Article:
Threatening Property Rights
September 4, 2006
In recent weeks I've written about the
threat of rising property taxes posed by state and local governments hungry
for more and more of your money; and the threat of widespread eminent domain
actions posed by a planned North American superhighway running straight
through Texas. It's clear that many political and business interests are
only too willing to drive people literally out of their homes to make way for
the grand schemes of those in power.
This is why every American needs to
understand that property rights are the foundation of a free society.
Without property rights, all citizens live subject to the whims of
government officials. When government can seize your property without
your consent, all of your other rights are negated. Our founders would
roll over in their graves if they knew that the takings clause in the Fifth
Amendment was being used to justify unholy alliances between private
developers and tax-hungry local governments.
one year removed from the notorious Kelo decision by the
Supreme Court, Americans are still reeling from the shock of having our
nation's highest tribunal endorse using government power to condemn private
homes to benefit a property developer. The silver lining, however, is
that many Americans have been stirred to action and are demanding new state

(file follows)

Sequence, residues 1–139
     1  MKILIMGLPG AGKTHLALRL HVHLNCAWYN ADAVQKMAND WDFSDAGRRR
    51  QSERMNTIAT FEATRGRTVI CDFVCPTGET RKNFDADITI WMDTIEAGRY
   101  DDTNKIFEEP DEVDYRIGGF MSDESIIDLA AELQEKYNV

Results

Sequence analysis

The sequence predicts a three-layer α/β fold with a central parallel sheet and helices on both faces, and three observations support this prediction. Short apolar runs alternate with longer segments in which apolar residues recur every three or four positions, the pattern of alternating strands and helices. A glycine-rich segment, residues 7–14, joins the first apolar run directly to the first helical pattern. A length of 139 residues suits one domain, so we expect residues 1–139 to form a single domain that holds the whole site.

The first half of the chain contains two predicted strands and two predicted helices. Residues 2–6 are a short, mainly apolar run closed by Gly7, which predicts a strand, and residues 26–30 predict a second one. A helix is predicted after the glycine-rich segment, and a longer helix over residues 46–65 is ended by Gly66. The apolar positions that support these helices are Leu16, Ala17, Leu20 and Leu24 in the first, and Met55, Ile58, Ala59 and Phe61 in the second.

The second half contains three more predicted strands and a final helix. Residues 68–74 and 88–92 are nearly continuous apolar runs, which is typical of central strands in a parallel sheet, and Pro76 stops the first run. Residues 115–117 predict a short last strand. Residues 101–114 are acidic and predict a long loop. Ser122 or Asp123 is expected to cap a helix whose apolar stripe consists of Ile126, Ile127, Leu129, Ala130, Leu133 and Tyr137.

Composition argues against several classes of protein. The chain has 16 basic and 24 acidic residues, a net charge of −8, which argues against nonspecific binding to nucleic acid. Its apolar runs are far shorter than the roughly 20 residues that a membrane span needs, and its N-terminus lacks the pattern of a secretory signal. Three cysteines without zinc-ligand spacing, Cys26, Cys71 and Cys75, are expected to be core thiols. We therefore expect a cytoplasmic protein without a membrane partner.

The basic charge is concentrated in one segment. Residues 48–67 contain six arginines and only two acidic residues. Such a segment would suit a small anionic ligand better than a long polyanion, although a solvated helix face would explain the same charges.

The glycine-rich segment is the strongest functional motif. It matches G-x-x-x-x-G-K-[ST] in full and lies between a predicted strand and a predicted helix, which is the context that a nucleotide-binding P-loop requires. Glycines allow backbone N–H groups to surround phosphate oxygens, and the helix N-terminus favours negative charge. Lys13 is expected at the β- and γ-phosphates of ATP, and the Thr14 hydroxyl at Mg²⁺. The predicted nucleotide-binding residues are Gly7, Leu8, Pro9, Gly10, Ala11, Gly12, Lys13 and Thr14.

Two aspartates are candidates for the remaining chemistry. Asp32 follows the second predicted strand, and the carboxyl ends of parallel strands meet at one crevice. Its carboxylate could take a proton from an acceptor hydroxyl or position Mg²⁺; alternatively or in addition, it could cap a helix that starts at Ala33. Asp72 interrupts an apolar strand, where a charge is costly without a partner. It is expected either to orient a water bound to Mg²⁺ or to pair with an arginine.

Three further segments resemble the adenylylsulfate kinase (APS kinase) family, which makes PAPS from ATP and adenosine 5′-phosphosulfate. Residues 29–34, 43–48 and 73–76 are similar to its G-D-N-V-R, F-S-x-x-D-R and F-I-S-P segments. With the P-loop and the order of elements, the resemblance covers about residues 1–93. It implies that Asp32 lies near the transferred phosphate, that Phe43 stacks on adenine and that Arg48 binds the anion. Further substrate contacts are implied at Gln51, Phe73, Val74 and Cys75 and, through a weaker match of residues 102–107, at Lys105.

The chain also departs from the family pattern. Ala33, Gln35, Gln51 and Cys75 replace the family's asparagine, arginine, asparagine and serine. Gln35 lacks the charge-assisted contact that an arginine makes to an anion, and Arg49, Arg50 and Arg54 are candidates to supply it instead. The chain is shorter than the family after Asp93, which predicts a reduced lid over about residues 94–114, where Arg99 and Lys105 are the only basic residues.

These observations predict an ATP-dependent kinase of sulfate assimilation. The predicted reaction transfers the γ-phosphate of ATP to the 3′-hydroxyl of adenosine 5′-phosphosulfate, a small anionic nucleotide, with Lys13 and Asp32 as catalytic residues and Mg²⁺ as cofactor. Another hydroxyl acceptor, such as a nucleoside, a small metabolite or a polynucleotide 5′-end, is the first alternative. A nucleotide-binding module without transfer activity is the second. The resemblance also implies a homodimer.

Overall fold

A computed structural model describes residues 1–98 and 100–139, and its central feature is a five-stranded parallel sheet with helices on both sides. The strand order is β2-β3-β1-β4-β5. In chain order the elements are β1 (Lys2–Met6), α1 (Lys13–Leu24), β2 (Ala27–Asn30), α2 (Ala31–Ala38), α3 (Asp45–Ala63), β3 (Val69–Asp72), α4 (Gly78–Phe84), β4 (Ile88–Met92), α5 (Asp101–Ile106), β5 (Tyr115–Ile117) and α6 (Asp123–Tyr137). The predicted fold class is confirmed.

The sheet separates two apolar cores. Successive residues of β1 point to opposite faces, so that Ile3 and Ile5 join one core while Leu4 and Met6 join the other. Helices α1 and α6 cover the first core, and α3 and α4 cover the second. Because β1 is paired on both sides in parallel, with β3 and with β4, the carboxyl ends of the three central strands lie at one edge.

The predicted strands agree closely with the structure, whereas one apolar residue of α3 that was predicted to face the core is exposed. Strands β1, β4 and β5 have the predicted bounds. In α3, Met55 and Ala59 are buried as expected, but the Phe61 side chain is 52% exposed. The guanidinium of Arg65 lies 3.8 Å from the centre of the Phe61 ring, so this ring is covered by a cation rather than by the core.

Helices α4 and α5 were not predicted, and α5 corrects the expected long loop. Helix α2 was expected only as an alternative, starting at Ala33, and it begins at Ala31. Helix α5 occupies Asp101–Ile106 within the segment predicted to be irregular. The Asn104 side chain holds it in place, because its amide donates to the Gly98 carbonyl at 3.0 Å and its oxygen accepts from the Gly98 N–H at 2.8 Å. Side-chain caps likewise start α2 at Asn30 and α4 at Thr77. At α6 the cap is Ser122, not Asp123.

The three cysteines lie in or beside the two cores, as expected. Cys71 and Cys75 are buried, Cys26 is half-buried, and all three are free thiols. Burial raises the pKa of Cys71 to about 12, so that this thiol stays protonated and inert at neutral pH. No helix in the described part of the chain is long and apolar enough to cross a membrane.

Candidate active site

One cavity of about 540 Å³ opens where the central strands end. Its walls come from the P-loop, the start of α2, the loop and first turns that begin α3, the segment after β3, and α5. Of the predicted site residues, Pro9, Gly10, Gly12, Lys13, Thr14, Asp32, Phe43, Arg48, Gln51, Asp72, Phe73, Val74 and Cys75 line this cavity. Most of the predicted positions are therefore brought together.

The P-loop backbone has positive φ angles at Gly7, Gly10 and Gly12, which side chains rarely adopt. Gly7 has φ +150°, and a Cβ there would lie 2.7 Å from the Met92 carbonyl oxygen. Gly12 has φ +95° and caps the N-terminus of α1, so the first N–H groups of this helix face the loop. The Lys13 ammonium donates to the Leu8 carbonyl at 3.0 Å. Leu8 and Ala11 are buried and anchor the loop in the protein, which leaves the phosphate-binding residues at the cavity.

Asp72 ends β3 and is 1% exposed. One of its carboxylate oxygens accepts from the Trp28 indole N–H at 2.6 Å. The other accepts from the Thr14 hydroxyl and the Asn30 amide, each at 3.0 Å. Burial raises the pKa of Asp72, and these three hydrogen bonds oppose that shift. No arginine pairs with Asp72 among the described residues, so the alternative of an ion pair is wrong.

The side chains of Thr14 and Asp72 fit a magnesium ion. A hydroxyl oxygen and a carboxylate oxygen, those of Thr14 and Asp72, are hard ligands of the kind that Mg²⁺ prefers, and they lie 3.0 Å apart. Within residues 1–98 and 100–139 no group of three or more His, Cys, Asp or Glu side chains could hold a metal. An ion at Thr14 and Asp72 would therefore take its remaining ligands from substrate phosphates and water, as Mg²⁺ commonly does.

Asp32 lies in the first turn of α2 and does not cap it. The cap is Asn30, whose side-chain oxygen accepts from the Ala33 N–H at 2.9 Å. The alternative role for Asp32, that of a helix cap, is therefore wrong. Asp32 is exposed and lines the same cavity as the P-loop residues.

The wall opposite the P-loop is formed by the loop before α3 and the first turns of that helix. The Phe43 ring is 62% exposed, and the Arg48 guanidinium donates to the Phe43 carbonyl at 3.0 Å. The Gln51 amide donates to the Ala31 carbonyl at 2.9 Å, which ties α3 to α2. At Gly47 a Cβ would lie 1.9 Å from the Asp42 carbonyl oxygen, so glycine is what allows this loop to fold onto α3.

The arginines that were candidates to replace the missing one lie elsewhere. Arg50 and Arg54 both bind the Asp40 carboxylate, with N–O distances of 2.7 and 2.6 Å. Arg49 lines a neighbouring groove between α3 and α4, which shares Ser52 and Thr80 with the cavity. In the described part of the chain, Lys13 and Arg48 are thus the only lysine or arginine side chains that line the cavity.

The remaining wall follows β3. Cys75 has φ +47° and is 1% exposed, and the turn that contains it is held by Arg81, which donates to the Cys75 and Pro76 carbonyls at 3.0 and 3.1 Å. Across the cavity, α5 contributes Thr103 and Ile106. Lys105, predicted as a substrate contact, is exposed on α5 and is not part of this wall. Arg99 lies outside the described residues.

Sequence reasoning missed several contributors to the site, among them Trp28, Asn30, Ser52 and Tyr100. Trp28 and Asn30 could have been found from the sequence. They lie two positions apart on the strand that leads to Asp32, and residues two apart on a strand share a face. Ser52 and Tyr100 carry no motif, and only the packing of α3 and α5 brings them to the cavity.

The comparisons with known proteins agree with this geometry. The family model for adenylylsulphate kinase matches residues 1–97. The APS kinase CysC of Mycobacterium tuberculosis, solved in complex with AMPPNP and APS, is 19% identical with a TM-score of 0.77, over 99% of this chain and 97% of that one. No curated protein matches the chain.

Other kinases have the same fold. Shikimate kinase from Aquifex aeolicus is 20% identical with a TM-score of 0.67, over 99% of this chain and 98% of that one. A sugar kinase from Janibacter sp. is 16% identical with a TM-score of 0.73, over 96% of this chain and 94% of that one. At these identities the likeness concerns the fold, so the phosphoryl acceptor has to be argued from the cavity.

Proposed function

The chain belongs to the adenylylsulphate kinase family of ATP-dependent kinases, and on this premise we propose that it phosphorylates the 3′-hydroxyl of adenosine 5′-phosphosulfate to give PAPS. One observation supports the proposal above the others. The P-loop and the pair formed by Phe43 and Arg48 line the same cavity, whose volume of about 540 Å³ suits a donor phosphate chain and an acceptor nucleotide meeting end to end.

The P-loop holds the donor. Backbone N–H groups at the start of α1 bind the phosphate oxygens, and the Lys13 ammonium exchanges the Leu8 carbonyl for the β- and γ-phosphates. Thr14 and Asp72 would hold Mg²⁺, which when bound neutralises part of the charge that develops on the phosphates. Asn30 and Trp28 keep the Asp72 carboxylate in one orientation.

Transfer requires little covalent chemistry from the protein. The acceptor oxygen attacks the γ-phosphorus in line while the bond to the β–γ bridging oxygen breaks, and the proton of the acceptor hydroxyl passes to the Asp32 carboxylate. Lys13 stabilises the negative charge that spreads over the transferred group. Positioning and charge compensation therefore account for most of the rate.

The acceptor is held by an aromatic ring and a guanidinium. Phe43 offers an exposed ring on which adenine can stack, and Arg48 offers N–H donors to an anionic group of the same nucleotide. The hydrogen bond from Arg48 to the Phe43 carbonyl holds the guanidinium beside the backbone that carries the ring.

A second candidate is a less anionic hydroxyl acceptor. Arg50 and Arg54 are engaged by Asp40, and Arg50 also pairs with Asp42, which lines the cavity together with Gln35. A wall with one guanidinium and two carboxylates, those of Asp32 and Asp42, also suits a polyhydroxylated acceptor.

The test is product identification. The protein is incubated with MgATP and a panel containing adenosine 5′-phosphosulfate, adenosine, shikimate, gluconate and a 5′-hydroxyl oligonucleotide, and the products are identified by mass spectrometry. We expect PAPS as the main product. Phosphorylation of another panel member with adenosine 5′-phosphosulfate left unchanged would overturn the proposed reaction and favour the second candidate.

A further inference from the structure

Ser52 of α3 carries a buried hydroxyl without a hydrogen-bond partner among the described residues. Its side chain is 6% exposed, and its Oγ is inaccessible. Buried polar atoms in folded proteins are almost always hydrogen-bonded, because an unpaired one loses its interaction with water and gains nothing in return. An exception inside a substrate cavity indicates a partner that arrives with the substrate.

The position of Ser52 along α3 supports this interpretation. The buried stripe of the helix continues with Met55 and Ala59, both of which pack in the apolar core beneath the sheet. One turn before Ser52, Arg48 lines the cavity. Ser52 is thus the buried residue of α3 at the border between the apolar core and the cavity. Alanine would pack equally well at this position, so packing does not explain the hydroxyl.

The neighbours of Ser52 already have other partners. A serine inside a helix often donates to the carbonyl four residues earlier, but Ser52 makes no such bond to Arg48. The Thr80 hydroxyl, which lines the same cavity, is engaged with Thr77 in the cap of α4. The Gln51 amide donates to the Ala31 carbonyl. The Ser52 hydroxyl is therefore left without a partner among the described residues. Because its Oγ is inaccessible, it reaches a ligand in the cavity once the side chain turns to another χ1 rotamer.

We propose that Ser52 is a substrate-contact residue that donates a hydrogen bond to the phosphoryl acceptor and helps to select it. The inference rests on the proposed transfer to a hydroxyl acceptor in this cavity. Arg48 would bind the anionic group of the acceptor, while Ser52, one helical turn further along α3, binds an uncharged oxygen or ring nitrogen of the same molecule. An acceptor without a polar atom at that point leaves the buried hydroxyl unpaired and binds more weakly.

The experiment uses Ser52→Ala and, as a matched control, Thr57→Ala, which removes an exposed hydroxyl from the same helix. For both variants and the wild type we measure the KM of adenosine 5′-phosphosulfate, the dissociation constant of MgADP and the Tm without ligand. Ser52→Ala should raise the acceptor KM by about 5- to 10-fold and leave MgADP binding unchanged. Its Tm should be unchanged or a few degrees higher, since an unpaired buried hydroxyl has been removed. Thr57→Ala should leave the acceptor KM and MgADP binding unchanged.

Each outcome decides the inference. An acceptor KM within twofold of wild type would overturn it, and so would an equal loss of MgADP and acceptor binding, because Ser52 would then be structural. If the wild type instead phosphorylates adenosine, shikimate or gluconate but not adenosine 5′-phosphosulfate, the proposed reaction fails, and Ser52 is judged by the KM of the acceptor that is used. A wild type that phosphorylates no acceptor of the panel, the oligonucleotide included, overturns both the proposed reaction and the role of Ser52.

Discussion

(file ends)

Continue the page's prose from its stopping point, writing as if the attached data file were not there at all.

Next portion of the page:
laws to prohibit the Kelo scenario from repeating itself in their cities.
The Kelo case demonstrates that local government can be as tyrannical as
centralized government. Decentralized power is always preferable, of
course, since it's easier to fight city hall than Congress. But
government power is ever and always dangerous, and must be zealously guarded
against. Most people in New London, Connecticut, like most people in
America, would rather not involve themselves in politics. The reality is
that politics involves itself with us whether we like it or not. We can
bury our heads in the sand and hope things don't get too bad, or we can fight
back when government treats us as its servant rather than its master.
Congress can and should act to prevent the federal government from seizing
private property. I've introduced and cosponsored several bills that
prohibit or severely limit the power of Washington agencies to seize private
property in locations around the nation. But the primary fight against
local eminent domain actions must take place at the local level. The
people of New London, Connecticut, like the people of Texas, could start
by removing from office local officials who have so little respect for